Detroit council isn’t a stooge for Mayor Mike Duggan, its president says

Detroit council isn’t a stooge for Mayor Mike Duggan, its president says
February 12, 2018 Bridge Magazine

Yes, decorum has returned to the Detroit City Council. No, that doesn’t make it a rubber stamp for Mayor Mike Duggan, Council President Brenda Jones says.

In years past, the nine-member panel was known for its insults and sometimes raucous meetings. Observers say the relationship between the panel and mayor is more harmonious than it has been in years.

But don’t be fooled, that doesn’t mean the post-bankruptcy council goes along with everything the mayor wants just to look good to investors and residents, Jones said. Jones has often led the “no” votes on big, high-profile votes on issues such as tax abatement for projects such as the new Little Caesars Arena.

Jones, a former president of Communications Workers of America, Local 4004, was selected by her colleagues to a second, four-year term as council president last month. A few weeks later, she announced she is running for the 13th Congressional Districtseat left vacant when John Conyers stepped down in December amid sexual harassment allegations. This week, she was endorsed by Duggan.

Jones discussed the council recently with Bridge. The interview was edited for length and clarity.=

Editor’s Note: Bridge met with Jones before she declared her candidacy, and is publishing the interview because it is relevant to the operations of Detroit. It is in no way meant to promote her candidacy for Congress.

Bridge: What are some of your top priorities for the next term?

Jones: We’re talking about the same problems as when I first ran for Council 13 years ago: Jobs, Opportunities, Neighborhoods, Education and Safety.  (The letters spell out her name). Opportunities are really important. We have more small businesses than we have corporations in the City of Detroit. We’re looking at creating an ordinance to make sure Detroit-based businesses get a 30 percent share of the dollars from city contracts, not a 30 percent share contracts, but of actual dollars.

Speaking of dollars, you voted against diverting $34 million in bonds from schools and parks to fund the Detroit Pistons’ move to the Little Caesars Arena. Any regrets?

It wasn’t that I didn’t support the Detroit Pistons, it’s that if you are receiving tax abatement dollars from the City of Detroit, I need you to support Detroit as well. Who’s going to clean those basketball uniforms? Use a cleaners in Detroit. Who’s going to do security? Use a Detroit-based security firm.  The tax abatements are in writing, and what I wanted was plans in writing about what they were going to do for Detroit-based businesses. That’s why my vote was a no.

Last term, 2014-17, marked the first council that was elected by district. You were on city council prior to the change. What are the pros and cons?

Our citizens feel there is more accountability when the council member lives in their district. And that councilmember knows what the problems are because they live right there where they can deal with it.

The cons?

You stand the risk of competition between councilmembers for resources and funding. It happened with the Hardest Hit federal funds for demolitions of blighted buildings. Some districts didn’t get any funds and they had just as much blight. Council members had nothing to do with it, but they felt exposed because their residents were asking them why their neighborhoods didn’t get any funds.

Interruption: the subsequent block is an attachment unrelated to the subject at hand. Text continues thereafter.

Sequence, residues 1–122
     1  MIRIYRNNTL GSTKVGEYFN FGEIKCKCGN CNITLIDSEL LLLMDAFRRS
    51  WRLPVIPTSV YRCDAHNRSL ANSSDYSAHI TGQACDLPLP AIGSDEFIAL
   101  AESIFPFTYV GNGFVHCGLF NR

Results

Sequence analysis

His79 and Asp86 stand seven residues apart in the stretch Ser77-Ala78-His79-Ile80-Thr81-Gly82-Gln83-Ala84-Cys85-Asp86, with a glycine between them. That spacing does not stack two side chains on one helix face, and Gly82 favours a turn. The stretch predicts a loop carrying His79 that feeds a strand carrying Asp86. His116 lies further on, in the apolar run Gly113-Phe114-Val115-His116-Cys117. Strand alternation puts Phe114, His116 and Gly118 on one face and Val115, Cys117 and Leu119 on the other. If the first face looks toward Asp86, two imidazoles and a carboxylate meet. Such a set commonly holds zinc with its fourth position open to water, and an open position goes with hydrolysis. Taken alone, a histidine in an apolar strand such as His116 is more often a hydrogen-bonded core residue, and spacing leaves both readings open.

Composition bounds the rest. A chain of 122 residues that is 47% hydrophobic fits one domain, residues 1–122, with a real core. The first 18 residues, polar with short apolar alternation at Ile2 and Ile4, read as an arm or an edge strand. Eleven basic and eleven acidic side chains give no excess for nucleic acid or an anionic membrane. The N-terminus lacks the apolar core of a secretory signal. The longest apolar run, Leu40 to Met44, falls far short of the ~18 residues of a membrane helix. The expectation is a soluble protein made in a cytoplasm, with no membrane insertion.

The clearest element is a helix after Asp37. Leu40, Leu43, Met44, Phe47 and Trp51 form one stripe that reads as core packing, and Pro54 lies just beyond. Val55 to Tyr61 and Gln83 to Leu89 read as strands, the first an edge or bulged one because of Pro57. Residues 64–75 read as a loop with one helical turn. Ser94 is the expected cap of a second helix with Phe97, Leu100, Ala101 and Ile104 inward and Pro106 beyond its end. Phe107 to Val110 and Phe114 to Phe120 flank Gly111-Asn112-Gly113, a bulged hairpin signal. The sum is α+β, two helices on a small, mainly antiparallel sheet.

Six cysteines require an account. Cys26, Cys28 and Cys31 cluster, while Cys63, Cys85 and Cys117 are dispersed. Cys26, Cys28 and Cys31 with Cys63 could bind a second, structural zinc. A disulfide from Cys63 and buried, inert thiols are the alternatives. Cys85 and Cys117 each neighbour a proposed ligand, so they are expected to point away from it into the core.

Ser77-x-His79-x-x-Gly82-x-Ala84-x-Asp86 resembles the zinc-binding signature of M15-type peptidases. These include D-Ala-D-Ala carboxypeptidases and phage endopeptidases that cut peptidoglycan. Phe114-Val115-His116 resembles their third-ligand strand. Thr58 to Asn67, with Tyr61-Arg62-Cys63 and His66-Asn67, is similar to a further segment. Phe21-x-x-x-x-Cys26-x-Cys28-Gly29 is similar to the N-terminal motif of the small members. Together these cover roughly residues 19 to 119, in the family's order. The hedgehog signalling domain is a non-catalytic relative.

Also, some council members get territorial and don’t want other councilmembers doing anything in their district. At the end of the day, we all vote on what happens in the city as a whole.

What are the challenges?

One of the biggest challenges is making sure all Detroiters are part of the revitalization of Detroit because we keep hearing about Midtown and downtown.

The council’s financial authority – and that of the mayor – is subject to approval by the state-appointed Financial Review Commission that was put in place after Detroit’s municipal bankruptcy to oversee the city’s financial decisions. Does the city regain full control of its budget from the FRC after this year’s balanced budget?

No. The FRC can go dormant after this budget cycle, but, even in its dormancy, it doesn’t go away. They still have to approve certain things.

How real is the harmony between council and the mayor?

We disagree in a respectful manner. There is a way to disagree. I don’t have to argue, I can show you better than I can tell you and that ‘show’ is in my vote.

Give an example of a significant disagreement with the mayor’s administration.

We hired outside counsel because there was a disagreement after the (city’s) attorney said council doesn’t have power to approve all contracts over $24,999, the budget and water rate hikes. I will settle for nothing less. We’re at the point now where there will be discussions between me and the mayor.

There’s a federal bribery probe related to towing contracts in Detroit that has led to a guilty plea from a Detroit police department lawyer. Also, a federal grand jury is investigating bid-rigging under the city’s $200 million, federally-funded demolition program. How is all of this affecting the day-to-day operations in a city struggling to shake its recent history with corruption and bankruptcy?

Here is what I maintain on towing: until you give me something formal that says a person has been indicted, it is hearsay. And it is not affecting our day-to-day activities.  As far as demolitions, I vote no on all demolition contracts until the federal investigation is over. Do not bring me something to vote on in the middle of an investigation. My vote on everything in regards to demolition is an automatic, ‘No.’


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